Kure K, Weidenheim KM, Lyman WD, et al: Morphology and distribution of HIV-1 gp41-positive microglia in subacute AIDS encephalitis. Acta Neuropathol  1990; 80:393—400
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Everall I, Luthert P, Lantos P: Neuronal loss in the frontal cortex in HIV infection. Lancet  1991; 337:1119—1121
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Ketzler S, Weis S, Haug H, et al: Loss of neurons in the frontal cortex in AIDS brains. Acta Neuropathol  1990; 80:92—94
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Wiley CA, Masliah E, Morey M, et al: Neocortical damage during HIV infection. Ann Neurol  1991; 29:651—657
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Masliah E, Achim CL, Ge N, et al: Spectrum of human immunodeficiency virus—associated neocortical damage. Ann Neurol  1992; 32:321—329
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FIGURE 1. Associations (standardized regression coefficients) between slowness score and predictor variables. Self-reported slowness is significantly and independently associated with peripheral motor deficits (e.g., neuropathy, myopathy), and complaints of cognitive and neurological symptoms. Sociodemographic factors (e.g., age, education), major depression (MDD), and HIV encephalopathy exert their influence on slowness through impaired mental processing speed (Speed). "CDC" (Centers for Disease Control and Prevention) indicates severity of the disease.

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References

Kure K, Weidenheim KM, Lyman WD, et al: Morphology and distribution of HIV-1 gp41-positive microglia in subacute AIDS encephalitis. Acta Neuropathol  1990; 80:393—400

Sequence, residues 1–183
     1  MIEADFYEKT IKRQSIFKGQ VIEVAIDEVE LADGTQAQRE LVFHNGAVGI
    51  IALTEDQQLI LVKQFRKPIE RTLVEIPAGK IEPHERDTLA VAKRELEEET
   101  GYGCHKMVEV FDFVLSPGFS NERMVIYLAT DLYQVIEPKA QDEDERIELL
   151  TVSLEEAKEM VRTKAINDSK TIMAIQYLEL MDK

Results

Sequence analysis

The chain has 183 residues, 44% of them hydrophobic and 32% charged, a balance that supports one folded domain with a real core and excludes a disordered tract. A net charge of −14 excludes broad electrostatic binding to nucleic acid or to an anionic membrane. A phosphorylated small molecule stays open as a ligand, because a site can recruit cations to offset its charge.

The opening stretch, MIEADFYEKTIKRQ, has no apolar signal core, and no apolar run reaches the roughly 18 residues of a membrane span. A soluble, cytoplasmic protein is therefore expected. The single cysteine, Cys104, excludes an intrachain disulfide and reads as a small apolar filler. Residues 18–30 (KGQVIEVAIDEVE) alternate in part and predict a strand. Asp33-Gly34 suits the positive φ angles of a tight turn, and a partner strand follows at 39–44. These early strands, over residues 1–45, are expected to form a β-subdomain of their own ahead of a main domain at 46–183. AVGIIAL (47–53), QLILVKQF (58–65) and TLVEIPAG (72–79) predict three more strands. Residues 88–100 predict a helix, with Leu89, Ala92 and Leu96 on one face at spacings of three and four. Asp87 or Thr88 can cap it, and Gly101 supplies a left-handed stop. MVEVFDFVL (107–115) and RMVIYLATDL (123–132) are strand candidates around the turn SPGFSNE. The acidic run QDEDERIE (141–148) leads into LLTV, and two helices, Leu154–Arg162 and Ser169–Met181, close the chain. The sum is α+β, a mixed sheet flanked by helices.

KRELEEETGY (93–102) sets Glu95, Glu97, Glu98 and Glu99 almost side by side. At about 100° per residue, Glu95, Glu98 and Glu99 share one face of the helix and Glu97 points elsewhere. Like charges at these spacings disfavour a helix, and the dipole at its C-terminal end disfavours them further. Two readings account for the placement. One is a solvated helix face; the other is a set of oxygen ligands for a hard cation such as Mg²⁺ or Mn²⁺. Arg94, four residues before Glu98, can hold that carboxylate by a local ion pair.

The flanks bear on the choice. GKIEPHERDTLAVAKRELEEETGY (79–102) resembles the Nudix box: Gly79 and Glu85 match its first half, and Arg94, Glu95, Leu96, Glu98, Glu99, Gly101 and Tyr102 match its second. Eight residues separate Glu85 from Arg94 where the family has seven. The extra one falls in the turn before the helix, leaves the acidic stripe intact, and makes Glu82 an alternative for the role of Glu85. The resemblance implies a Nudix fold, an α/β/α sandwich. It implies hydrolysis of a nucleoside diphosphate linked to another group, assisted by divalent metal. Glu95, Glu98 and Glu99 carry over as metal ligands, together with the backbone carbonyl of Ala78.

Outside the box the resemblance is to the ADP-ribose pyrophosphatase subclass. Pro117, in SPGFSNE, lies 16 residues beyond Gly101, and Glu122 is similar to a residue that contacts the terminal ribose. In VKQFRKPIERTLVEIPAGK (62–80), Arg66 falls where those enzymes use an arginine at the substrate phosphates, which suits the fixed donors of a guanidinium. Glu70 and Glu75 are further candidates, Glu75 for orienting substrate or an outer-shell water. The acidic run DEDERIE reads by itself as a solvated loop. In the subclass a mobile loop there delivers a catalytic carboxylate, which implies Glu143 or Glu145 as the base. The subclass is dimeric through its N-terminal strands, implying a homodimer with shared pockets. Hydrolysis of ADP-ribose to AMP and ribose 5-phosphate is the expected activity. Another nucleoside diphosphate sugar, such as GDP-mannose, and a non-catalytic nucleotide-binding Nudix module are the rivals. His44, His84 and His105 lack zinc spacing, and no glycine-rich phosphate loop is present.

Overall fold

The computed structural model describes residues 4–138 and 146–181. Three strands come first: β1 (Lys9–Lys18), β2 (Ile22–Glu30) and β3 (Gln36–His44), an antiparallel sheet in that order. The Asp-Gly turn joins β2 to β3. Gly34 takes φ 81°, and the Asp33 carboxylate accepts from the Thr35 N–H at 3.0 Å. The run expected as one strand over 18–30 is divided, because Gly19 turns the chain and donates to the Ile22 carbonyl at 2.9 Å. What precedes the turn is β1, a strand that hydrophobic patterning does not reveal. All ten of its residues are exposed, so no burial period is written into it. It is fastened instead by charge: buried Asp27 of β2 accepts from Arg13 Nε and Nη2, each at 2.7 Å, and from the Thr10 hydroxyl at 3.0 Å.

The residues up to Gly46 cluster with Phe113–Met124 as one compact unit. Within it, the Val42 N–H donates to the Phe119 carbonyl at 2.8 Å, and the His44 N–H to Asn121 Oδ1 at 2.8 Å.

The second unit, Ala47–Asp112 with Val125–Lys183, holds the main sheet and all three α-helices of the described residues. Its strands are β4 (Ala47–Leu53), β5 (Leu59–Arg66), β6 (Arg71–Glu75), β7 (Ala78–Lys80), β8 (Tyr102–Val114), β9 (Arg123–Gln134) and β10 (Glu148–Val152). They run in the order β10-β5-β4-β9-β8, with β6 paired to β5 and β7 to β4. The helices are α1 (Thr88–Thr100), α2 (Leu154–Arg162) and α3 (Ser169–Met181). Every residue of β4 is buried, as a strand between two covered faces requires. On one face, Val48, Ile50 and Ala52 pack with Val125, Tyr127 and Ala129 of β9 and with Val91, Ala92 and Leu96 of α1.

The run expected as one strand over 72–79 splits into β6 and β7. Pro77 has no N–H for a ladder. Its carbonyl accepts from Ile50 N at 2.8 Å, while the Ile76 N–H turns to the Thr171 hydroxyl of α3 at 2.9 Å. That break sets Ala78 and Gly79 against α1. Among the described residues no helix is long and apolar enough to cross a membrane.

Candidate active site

[CrossRef] | [PubMed]
 
Everall I, Luthert P, Lantos P: Neuronal loss in the frontal cortex in HIV infection. Lancet  1991; 337:1119—1121
[CrossRef] | [PubMed]
 
Ketzler S, Weis S, Haug H, et al: Loss of neurons in the frontal cortex in AIDS brains. Acta Neuropathol  1990; 80:92—94
[CrossRef] | [PubMed]
 
Wiley CA, Masliah E, Morey M, et al: Neocortical damage during HIV infection. Ann Neurol  1991; 29:651—657
[CrossRef] | [PubMed]
 
Masliah E, Achim CL, Ge N, et al: Spectrum of human immunodeficiency virus—associated neocortical damage. Ann Neurol  1992; 32:321—329
[CrossRef] | [PubMed]
 
Grant I, Atkinson JH, Hesselink JR, et al: Evidence for early central nervous system involvement in the acquired immunodeficiency virus (HIV) infections. Ann Intern Med  1987; 107:828—836
[PubMed]
 
Wilkie FL, Eisdorfer C, Morgan R, et al: Cognition in early human immunodeficiency virus infection. Arch Neurol  1990; 47:433—440
[PubMed]
 
Villa G, Monteleone D, Marra C, et al: Neuropsychological abnormalities in AIDS and asymptomatic HIV seropositive patients. J Neurol Neurosurg Psychiatry  1993; 56:878—884
[CrossRef] | [PubMed]